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Azerbaijan says thousands of its troops were killed in separatist clashes

A Russian-brokered truce halted fighting with Armenian forces in the separatist region of Nagorno-Karabakh.

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Azerbaijani soldiers sit in a military lorry on a road to their military tent camp after the transfer of the Kalbajar region to Azerbaijan’s control (Emrah Gurel/AP)

Azerbaijani soldiers sit in a military lorry on a road to their military tent camp after the transfer of the Kalbajar region to Azerbaijan’s control (Emrah Gurel/AP)

Azerbaijani soldiers sit in a military lorry on a road to their military tent camp after the transfer of the Kalbajar region to Azerbaijan’s control (Emrah Gurel/AP)

Azerbaijani authorities disclosed for the first time details of the country’s military casualties in the recent fighting with Armenian forces over the separatist region of Nagorno-Karabakh, which was halted last month by a Russian-brokered truce.

Azerbaijan’s defence ministry said that 2,783 troops were killed during the 44 days of intense clashes, and 103 of them are yet to be identified.

More than 100 servicemen are considered to be unaccounted for, the ministry said, and 1,245 are currently undergoing treatment in medical facilities.

President Ilham Aliyev said earlier this week that 94 Azerbaijani civilians were also killed and 400 more have been wounded.

On Thursday, he signed a decree ordering a moment of silence at 12.00pm local time on Friday to honour the victims of the fighting.

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An Azerbaijani tank (Emrah Gurel/AP)

An Azerbaijani tank (Emrah Gurel/AP)

AP/PA Images

An Azerbaijani tank (Emrah Gurel/AP)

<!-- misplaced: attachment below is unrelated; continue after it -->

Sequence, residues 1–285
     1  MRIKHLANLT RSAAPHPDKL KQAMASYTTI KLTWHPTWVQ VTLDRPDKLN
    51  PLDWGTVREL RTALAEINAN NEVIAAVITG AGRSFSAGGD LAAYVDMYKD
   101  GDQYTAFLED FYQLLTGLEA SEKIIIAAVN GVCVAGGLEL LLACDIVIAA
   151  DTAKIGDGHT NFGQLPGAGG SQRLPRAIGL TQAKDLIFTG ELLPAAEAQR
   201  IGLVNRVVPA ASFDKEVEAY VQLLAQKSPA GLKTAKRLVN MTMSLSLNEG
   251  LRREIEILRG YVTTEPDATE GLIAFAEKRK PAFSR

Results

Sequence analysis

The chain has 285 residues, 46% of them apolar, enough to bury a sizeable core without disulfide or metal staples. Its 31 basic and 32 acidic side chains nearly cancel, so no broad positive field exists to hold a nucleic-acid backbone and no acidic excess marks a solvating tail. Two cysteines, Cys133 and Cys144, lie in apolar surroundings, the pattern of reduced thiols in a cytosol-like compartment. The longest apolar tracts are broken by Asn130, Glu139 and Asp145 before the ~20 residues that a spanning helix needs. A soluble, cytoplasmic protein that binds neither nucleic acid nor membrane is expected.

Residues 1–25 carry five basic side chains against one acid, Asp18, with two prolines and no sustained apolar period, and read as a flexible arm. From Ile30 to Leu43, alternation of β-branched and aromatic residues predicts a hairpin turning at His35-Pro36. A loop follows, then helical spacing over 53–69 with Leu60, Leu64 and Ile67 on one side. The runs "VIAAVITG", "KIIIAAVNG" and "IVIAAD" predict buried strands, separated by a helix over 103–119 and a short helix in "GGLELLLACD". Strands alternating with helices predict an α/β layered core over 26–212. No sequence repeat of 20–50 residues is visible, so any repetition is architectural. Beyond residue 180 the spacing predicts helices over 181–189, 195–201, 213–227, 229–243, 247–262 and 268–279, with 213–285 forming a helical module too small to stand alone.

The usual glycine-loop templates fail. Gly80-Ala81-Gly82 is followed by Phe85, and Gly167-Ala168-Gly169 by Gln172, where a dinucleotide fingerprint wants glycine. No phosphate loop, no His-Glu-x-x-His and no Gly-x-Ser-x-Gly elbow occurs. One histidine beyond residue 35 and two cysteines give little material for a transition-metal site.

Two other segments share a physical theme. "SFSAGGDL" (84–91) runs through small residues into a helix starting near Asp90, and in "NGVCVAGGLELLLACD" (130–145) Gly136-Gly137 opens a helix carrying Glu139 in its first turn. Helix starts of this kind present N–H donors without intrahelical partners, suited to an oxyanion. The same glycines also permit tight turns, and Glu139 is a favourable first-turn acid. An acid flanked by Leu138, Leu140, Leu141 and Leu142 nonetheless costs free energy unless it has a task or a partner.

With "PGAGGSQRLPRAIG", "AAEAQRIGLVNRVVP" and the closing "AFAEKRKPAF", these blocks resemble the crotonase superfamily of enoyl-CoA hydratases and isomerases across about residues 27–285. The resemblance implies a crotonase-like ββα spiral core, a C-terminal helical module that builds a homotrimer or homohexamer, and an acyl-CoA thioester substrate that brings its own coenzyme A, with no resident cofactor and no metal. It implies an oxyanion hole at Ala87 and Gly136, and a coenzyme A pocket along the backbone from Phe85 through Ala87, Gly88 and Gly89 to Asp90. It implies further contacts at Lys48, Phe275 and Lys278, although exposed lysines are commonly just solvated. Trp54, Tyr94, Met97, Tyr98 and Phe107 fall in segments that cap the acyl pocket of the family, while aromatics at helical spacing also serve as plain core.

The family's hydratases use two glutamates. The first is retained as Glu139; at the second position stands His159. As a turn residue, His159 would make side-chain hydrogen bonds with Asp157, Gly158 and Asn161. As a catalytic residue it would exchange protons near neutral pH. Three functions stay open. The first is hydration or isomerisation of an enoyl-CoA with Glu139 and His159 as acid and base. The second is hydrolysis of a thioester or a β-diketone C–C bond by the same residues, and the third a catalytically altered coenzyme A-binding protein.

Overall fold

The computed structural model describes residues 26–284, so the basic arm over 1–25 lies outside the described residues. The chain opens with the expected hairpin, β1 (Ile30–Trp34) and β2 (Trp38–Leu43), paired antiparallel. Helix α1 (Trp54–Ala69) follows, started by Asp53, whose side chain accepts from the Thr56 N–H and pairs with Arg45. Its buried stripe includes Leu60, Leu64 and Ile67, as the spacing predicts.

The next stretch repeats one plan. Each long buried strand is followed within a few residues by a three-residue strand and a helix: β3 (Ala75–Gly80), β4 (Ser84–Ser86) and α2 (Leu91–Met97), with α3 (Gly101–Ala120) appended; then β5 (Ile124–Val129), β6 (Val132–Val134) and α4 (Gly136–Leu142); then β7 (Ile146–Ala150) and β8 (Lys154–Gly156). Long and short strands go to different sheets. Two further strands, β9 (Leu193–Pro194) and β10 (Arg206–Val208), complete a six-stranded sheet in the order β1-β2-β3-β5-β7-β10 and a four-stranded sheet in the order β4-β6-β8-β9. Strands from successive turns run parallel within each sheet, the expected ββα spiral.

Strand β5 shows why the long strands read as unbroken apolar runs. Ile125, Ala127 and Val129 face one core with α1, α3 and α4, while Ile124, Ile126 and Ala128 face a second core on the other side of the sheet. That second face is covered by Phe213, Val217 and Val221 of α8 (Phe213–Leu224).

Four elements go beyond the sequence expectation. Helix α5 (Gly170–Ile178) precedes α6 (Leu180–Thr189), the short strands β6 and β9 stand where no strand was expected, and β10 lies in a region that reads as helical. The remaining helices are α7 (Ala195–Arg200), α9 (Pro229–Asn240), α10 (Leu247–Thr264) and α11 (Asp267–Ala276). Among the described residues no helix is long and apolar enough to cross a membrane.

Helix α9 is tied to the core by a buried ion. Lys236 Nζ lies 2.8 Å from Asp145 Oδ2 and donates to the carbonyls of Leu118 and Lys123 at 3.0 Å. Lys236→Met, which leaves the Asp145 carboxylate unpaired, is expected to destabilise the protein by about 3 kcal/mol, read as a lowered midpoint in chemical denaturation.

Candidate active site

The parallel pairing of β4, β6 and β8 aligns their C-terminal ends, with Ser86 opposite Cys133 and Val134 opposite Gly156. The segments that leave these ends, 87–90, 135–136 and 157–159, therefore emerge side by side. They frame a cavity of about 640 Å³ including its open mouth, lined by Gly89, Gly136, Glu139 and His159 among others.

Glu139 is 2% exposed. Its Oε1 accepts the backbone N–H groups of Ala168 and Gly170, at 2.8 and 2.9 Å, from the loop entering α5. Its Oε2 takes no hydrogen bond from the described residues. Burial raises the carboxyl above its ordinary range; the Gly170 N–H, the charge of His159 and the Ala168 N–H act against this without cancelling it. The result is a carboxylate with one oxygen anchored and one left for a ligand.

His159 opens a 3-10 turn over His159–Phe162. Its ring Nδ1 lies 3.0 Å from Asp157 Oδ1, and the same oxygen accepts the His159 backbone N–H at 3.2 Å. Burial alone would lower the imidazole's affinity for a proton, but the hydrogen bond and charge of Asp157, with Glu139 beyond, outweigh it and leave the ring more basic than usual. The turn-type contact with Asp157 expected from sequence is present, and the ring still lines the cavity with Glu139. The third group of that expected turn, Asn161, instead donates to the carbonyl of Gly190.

Nagorno-Karabakh lies within Azerbaijan but has been under the control of ethnic Armenian forces backed by Armenia since a separatist war there ended in 1994.

That war left Nagorno-Karabakh itself and substantial surrounding territory in Armenian hands.

Heavy fighting erupted in late September, marking the biggest escalation of a long-simmering conflict between the two ex-Soviet nations.

The violence was halted by a Russian-brokered peace deal that took effect on November 10.

The agreement stipulated that Armenia hand over control to Azerbaijan of several regions it holds outside Nagorno-Karabakh’s borders.

Azerbaijan also retained control over areas of Nagorno-Karabakh it has taken during the conflict.

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Azerbaijani soldiers walking near their camp (Emrah Gurel/AP)

Azerbaijani soldiers walking near their camp (Emrah Gurel/AP)

AP/PA Images

Azerbaijani soldiers walking near their camp (Emrah Gurel/AP)

The deal was celebrated in Baku as a major victory.

Mr Aliyev on Wednesday declared a new national holiday, dubbed Victory Day, to mark the day when the truce entered force.

On Thursday, Mr Aliyev’s office announced moving the holiday to November 8, when the strategically important city in Nagorno-Karabakh, Shusha, was taken by Azerbaijani forces.

Mr Aliyev made the decision as November 10 is Ataturk Memorial Day in Turkey, Azerbaijan’s major ally, a statement by the Azerbaijani presidential administration read.

In Armenia, the peace deal sparked outrage.

Mass protests erupted in the capital Yerevan, with thousands regularly taking to the streets to demand the ousting of the country’s prime minister.

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